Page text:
The next view would be the Christian existential theology. They would emphasize the experience of the individual. Experience is very dangerous apart from Scripture because mankind lives outside of the Scripture. Because they live outside the authority of Scripture they cannot account for truth and morality. As a result, they develop their own view of salvation. At the end of the day, existential theology is dangerous because if one holds onto their scheme, then once cannot prove one’s faith by reason and logic that is found only in Scripture.
Another view is Barthian neo-orthodoxy. This view believes that salvation is given to all mankind through His death on the cross. At the end of the day, everyone is saved because they are elected in Jesus Christ.
Liberation theology believes that the main problem in the world is societal injustice, oppression, etc. This theology is also known for its three major classes: black liberation theology, feminist liberation theology, and third world liberation theology. They use the account of Exodus from the Book of Exodus to as the model or paradigm for liberation theology. Because of their heightened view on social injustice, Liberation theology does not focus on the salvation for the next life; nor do they focus on the atonement of Christ for the forgiveness of sins.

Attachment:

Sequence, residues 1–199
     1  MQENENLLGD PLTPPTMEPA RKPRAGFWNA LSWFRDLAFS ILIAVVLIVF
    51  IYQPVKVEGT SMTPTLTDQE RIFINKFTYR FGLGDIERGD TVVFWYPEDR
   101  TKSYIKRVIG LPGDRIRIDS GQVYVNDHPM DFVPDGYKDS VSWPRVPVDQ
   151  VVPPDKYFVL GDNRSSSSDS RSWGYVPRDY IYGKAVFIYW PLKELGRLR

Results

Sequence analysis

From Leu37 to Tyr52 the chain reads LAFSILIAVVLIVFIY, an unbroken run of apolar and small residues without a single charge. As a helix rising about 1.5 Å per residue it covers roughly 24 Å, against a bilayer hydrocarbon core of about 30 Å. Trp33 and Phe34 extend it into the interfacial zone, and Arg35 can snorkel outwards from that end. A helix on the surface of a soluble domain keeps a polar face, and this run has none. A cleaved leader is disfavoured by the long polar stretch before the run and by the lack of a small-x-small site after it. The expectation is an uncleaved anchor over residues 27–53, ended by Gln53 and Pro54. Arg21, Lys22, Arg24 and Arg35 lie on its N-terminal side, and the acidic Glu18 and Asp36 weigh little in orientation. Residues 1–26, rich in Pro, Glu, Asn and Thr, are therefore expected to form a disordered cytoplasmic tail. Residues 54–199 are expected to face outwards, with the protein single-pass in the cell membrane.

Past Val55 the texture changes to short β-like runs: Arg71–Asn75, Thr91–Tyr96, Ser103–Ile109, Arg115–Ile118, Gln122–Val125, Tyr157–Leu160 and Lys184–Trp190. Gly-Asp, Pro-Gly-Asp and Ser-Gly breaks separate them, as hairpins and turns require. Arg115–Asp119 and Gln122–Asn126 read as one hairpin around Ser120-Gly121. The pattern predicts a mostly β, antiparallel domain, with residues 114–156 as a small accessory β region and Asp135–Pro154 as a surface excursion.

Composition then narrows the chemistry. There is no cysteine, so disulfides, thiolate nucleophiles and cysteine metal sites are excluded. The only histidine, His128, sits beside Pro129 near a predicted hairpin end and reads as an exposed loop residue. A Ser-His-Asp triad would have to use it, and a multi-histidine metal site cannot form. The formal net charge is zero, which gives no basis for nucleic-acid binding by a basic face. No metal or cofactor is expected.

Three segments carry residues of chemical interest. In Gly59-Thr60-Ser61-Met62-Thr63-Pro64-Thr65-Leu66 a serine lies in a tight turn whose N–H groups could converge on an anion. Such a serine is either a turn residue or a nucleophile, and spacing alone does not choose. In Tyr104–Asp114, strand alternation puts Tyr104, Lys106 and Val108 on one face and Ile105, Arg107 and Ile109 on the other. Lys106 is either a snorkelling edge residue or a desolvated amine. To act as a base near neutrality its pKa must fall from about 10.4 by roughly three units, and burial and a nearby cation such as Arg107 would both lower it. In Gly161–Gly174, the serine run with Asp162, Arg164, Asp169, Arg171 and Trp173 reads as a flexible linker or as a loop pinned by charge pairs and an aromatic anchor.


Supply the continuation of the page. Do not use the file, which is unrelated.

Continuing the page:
Much has been said concerning the different views of salvation. What makes their view different from Christianity is their works-righteousness. They have a faulty view of man and of the Gospel. A faulty view is dangerous because it will damn people to Hell. According to the Bible, all mankind is alienated from God because of total depravity (Eph. 2:1-3). Through Christ’s substitutionary death, He paid the penalty for His elect. Salvation is only provided by God’s grace via faith in Jesus Christ. For those who are in Christ, they are justified (declared righteous because of Christ’s imputed righteousness), sanctified (is a process of being made more like Christ through the help of the Holy Spirit). And for those who are justified and sanctified, they will be glorified (future part of salvation).
It is important to embrace the correct view of salvation. To choose any other view of salvation outside of Christianity is a faulty and dangerous view that will prevent people from experiencing salvation. Having the correct view of salvation is critical for believers and the whole church. If the church does not teach it correctly, false teaching will spread like wildfire. May we as ambassadors of God protect and serve one another. With that said, I will leave you with this verse from Colossians 1:28, “We proclaim Him, admonishing every man and teaching every man with allwisdom, so that we may present every man complete in Christ.”